Understanding the Improvement in Disability Free Life Expectancy In the U.S. Elderly Population
Understanding how healthy lifespans are changing is essential for public policy. This paper explores changes in healthy lifespan in the U.S. over time and considers reasons for the changes. We reach three fundamental conclusions. First, we show that healthy life increased measurably in the US between 1992 and 2008. Years of healthy life expectancy at age 65 increased by 1.8 years over that time period, while disabled life expectancy fell by 0.5 years. Second, we identify the medical conditions that contribute the most to changes in healthy life expectancy. The largest improvements in healthy life expectancy come from reduced incidence and improved functioning for those with cardiovascular disease and vision problems. Together, these conditions account for 63 percent of the improvement in disability-free life expectancy. Third and more speculatively, we explore the role of medical treatments in the improvements for these two conditions. We estimate that improved medical care is likely responsible for a significant part of the cardiovascular and vision-related extension of healthy life.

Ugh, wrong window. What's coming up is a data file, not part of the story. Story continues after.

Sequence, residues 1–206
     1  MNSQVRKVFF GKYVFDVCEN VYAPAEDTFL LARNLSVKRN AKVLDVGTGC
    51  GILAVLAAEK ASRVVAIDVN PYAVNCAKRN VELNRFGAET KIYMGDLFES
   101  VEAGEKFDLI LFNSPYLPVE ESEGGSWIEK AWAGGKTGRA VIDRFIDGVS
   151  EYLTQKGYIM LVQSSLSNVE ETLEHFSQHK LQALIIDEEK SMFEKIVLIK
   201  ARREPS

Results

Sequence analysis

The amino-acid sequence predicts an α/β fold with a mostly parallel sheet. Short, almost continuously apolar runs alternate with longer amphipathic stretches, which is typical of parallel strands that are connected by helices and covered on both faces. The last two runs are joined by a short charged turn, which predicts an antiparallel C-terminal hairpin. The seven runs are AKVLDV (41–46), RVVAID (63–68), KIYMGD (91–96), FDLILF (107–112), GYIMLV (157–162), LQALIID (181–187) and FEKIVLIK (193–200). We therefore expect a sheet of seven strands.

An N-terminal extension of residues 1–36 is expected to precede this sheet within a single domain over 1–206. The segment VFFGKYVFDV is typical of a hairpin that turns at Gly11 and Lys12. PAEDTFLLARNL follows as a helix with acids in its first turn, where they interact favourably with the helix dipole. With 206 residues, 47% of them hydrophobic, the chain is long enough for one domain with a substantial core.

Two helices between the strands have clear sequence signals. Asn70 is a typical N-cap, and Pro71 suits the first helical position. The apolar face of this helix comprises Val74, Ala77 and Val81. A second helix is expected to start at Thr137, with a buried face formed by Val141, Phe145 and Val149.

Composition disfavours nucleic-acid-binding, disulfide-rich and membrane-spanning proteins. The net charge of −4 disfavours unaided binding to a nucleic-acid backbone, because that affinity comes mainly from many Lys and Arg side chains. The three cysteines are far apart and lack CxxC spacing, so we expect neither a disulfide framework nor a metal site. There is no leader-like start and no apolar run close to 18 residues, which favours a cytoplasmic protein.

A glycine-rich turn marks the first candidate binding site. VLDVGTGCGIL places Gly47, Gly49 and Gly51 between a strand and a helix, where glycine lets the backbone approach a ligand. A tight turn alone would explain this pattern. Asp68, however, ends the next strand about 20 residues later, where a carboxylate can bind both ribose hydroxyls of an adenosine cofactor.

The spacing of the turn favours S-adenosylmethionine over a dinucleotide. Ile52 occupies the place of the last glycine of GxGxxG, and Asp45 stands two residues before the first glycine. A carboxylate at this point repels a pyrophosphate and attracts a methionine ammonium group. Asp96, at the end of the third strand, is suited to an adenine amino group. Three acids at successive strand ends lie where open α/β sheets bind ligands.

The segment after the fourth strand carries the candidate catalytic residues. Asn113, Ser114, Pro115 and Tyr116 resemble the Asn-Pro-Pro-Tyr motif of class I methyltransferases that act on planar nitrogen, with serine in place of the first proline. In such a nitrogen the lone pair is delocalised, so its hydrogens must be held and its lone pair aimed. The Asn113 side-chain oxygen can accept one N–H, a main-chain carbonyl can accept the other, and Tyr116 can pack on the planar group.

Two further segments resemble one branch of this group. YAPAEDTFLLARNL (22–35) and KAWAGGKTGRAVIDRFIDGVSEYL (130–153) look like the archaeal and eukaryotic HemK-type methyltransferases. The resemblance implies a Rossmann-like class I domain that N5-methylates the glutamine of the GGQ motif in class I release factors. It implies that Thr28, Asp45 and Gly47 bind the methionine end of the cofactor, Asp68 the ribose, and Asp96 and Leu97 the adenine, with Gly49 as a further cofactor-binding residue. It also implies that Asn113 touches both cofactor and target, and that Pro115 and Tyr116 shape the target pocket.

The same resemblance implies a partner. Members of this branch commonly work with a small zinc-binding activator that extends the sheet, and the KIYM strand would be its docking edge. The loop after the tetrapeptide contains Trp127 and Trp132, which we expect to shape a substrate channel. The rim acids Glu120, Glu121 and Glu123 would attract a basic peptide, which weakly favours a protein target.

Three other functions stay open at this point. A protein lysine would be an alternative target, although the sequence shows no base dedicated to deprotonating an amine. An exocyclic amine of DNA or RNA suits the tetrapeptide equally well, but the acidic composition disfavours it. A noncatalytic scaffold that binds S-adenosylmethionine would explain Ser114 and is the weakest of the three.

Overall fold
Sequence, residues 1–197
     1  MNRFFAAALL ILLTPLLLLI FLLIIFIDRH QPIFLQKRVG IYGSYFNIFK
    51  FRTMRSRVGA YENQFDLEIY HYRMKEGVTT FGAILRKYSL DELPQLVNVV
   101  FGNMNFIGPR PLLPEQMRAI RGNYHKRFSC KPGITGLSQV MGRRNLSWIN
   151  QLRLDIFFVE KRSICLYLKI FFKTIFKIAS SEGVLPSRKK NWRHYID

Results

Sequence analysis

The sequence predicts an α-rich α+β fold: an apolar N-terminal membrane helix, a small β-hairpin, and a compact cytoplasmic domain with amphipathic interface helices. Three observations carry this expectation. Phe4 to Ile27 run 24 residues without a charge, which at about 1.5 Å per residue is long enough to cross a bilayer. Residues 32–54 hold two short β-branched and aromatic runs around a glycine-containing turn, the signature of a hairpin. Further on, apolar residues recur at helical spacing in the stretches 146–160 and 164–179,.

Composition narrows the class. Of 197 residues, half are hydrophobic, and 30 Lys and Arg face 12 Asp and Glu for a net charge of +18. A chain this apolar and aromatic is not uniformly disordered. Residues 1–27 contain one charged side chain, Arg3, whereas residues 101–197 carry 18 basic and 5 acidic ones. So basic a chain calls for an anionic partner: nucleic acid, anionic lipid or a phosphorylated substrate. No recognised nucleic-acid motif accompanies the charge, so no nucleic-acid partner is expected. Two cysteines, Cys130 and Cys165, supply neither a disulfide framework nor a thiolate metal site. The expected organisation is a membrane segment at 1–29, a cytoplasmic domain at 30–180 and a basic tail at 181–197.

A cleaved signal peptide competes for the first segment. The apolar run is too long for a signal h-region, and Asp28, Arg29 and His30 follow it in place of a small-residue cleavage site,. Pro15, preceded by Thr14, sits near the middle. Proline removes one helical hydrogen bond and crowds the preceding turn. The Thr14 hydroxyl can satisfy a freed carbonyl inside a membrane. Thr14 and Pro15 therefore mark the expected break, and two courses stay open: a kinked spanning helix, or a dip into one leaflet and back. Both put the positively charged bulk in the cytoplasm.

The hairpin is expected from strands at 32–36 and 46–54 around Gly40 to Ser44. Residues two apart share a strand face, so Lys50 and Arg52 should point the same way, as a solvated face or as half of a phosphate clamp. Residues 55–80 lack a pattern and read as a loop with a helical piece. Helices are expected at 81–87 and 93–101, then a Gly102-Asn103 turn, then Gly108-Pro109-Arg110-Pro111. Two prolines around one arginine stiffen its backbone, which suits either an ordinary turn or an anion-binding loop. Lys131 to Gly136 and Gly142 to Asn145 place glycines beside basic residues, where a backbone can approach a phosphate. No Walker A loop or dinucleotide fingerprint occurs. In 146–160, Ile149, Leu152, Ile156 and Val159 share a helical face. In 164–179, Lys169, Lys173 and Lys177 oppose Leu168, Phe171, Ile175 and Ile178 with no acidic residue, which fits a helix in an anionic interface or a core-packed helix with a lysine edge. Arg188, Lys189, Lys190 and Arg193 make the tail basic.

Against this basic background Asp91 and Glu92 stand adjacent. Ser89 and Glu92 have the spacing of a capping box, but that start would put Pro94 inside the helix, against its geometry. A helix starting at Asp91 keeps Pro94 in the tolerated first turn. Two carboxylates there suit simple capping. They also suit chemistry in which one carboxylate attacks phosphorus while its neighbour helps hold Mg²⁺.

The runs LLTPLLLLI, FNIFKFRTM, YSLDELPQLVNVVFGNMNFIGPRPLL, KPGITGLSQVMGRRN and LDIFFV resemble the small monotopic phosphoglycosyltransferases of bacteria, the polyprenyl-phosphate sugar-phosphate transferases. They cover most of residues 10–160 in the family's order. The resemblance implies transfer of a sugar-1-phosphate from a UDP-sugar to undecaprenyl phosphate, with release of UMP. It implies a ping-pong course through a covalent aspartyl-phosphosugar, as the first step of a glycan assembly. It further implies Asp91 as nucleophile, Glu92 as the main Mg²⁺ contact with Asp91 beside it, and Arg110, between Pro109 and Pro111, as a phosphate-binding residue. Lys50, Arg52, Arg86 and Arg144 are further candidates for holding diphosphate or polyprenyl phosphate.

Document Object Identifier (DOI): 10.3386/w22306
Published: Understanding the Improvement in Disability-Free Life Expectancy in the U.S. Elderly Population, Michael Chernew, David M. Cutler, Kaushik Ghosh, Mary Beth Landrum. in Insights in the Economics of Aging, Wise. 2017
Users who downloaded this paper also downloaded* these: